On Gardening: Wild Irish daylily continues to mesmerize

By Norman Winter

 

Tribune News Service


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This is my fourth year to be watching our American Hemerocallis Display Garden, and each year the selection wild Irish catches my eye like few other daylilies.

Each year, I post it on our Facebook page, and the hits, views and likes come pouring in. It’s no wonder that an Internet search finds it readily available from numerous sources.

Wild Irish was released in 2004, and in daylily years, that is like ancient history. Think about when you get an email. You promise yourself you’ll respond, but in just days it is covered up by countless others. That is the way it is in the world of daylily hybridizing.

So for Wild Irish to have a shelf life of over a dozen years says something about its showy blooms and quality performance. The fact that I’ve been drooling over it for four seasons also says something.

According to the American Hemerocallis Society, Wild Irish is a tetraploid with scapes or stalks that reach 28 inches in height, producing a bud count of 18, which open into glorious 5 1/2 inch flowers. I’ll admit I added the editorial adjective glorious as the blooms show off deep burgundy, with gold edge above yellow-green throat. If that wasn’t enough, consider it is fragrant, evergreen and a re-bloomer.

Wild Irish was hybridized by Gaskin Daylilies in Nashville, Georgia. A couple of other dazzling selections in our garden that originated with their family are Christmas cotton and phantom of Gascone.

A visit to their website, gaskindaylilygarden.com, will most likely stun you with the incredible cultivars developed over the last decade. There are so many daylilies to know and enjoy. While the Gaskin family is in Georgia, know that there are most likely wonderful daylily hybridizers near you.

Daylilies require at least six hours of direct sunlight each day for best performance. Best results are obtained from raised beds rich in organic matter. Almost every problem phone call I used to get on daylilies, other than a few insects, originated with daylilies planted in soggy soils.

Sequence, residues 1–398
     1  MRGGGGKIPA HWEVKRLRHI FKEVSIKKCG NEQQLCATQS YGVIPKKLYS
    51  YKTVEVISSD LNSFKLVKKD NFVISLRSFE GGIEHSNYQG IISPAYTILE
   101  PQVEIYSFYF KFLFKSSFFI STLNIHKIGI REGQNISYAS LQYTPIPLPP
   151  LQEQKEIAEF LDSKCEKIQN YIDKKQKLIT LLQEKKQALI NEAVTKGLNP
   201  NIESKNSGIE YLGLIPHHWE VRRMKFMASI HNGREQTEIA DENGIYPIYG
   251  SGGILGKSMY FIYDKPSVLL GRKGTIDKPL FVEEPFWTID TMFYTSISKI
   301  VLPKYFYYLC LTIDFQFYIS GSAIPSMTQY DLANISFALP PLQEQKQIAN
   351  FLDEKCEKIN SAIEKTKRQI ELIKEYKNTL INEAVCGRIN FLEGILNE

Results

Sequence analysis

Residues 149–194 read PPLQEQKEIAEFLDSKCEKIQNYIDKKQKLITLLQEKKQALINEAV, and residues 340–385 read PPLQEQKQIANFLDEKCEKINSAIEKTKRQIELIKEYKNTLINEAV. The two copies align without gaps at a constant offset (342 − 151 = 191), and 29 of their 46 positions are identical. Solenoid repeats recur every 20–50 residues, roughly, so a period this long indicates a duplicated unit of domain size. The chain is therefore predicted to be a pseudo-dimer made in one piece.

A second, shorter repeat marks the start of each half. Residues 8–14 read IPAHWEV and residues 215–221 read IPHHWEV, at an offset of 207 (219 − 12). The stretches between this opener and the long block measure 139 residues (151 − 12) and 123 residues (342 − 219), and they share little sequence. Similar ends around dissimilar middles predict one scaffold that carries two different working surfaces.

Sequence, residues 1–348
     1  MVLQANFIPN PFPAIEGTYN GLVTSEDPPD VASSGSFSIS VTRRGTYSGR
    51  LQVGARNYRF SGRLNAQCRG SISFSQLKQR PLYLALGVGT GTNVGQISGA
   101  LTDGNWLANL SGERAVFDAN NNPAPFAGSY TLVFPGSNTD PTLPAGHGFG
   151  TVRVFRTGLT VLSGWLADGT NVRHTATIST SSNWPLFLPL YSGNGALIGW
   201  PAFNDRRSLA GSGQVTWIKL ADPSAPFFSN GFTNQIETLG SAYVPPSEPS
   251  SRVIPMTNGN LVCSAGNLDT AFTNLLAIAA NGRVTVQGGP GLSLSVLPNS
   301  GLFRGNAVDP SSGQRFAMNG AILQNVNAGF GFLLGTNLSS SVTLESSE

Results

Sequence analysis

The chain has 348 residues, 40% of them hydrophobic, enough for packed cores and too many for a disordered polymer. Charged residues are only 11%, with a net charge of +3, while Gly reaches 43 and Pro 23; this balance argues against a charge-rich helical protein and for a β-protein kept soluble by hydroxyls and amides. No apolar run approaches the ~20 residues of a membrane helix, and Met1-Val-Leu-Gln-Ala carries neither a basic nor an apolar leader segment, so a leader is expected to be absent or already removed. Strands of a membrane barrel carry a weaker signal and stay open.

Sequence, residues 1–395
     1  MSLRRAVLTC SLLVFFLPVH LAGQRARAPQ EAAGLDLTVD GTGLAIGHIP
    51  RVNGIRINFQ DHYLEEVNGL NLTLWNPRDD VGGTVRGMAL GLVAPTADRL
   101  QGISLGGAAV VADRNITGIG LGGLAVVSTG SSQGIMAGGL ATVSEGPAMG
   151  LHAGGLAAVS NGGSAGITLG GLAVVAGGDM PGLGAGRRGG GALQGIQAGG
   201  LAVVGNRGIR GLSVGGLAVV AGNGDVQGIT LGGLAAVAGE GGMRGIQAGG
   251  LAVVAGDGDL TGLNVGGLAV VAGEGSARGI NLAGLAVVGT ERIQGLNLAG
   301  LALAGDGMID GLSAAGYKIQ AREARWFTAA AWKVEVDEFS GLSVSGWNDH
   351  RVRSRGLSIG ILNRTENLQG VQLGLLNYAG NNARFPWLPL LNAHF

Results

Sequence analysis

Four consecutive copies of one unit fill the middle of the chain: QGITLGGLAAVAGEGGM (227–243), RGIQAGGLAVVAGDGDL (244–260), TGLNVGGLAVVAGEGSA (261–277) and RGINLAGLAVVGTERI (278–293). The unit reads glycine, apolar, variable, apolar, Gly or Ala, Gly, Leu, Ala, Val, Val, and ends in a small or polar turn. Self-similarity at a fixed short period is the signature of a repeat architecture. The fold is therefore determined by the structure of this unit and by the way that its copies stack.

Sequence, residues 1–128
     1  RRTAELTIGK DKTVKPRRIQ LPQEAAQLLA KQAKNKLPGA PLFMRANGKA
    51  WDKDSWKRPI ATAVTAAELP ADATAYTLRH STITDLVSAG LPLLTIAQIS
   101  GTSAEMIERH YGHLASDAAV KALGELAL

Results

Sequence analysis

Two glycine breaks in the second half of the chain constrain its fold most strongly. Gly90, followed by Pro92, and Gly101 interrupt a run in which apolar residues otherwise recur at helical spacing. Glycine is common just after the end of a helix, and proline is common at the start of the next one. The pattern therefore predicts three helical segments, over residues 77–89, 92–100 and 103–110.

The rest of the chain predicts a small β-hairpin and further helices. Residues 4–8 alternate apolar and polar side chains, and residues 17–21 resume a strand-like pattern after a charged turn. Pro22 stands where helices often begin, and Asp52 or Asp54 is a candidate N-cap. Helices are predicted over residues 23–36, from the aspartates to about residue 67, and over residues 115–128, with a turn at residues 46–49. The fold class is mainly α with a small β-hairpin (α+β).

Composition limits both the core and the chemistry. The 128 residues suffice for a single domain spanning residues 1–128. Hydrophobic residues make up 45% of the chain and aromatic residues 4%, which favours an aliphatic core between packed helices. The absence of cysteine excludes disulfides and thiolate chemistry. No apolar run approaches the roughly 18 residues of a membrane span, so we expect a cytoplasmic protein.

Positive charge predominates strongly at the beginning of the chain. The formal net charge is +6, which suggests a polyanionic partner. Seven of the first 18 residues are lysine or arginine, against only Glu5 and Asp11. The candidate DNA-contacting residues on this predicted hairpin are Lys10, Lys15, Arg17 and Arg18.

Be sure and add a good layer of mulch to hold moisture, keep the soil cool and prevent weeds. I am a pine straw nut for mulch, but I have to admit that a layer of pine bark mulch around a daylily loaded with blooms is a wonderful sight.

Daylilies are best planted in the early spring or fall, although container-grown plants can be planted throughout the growing season with outstanding success. So you can shop while they are blooming and pick the color and form that is most appealing.

To keep energy being put into flower production, keep seed pods picked off and feed with a complete and balanced fertilizer every four to six weeks. It is also very important to remove any diseased foliage if it develops during the long summer.

Perhaps you haven’t tried daylilies because the flowers only last a day. Remember, each scape or flower stalk has many buds and these open in a series, giving you beauty for not only days but weeks and even months if they repeat.

Even though our bed is dedicated as an American Hemerocallis Display Garden, we incorporate other perennial partner plants to add color and interest when the daylilies are out of season. Try using Blue Fortune agastache that sends up dozens of blue bottle-brush-like flowers, purple coneflowers, gloriosa daisies and spikey blue salvias.

I hope you take the opportunity to visit and shop for daylilies at your favorite garden center or perhaps a daylily farm and see what has transpired in this favorite of perennials.

 

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